Greek Prime Minister Kyriakos Mitsotakis expressed his confidence that Greece’s economy is set to grow even further in 2023, in an interview with journalist Fareed Zakaria at the ongoing World Economic Forum (WEF) in Davos on Thursday.
The premier said that he “expects a growth of around 2% – not 1% – in 2023,” and that this rate might even be higher.
What is more important, he added, “is the number of foreign direct investments: we had a record year in 2021, and a new record in 2022, and we achieved this without sacrificing our priority of fiscal sustainability.”
Mitsotakis also emphasized that the reduction of Greek debt as a percentage of GDP was the fastest compared to any other European country, to the point “that no one is now raising the Greek debt as an issue [of concern], and no one is talking about Greek banks as an issue.”
When his government came to power in 2019, he noted, “we had non-performing loans on 40% of banks’ balance sheets, but now the numbers are in single digits. There were a lot of ‘clouds’ that seem to have cleared, which also gives us room to plan for the future, without being in a constant state of ‘crisis management’.”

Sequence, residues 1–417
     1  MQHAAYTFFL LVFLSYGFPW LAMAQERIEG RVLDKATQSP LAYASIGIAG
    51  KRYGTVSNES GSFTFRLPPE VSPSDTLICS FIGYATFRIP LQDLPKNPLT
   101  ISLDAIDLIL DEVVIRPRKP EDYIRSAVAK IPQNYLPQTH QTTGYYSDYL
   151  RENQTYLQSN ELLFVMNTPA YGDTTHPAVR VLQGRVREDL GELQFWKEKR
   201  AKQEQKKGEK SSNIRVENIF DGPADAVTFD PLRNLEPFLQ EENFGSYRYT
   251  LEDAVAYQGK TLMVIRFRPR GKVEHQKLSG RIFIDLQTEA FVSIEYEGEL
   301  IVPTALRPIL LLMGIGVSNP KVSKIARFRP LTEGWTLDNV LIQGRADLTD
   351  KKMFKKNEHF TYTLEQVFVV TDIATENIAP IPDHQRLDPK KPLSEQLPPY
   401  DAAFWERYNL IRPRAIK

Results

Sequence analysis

On Greece-Türkiye relations, Mitsotakis said that “a channel of understanding will be found with Türkiye,” stressing that “we will not go to war, although we have witnessed many tensions in the last three years,” and he added that “we should be able to sit at the table with Türkiye like ‘reasonable adults’, and resolve our main difference – which is the delimitation of maritime zones in the Aegean and the Eastern Mediterranean.”
Earlier on Thursday, Mitsotakis met with Intel CEO Patrick Gelsinger, who congratulated the premier on Greece’s economic performance over the last few years.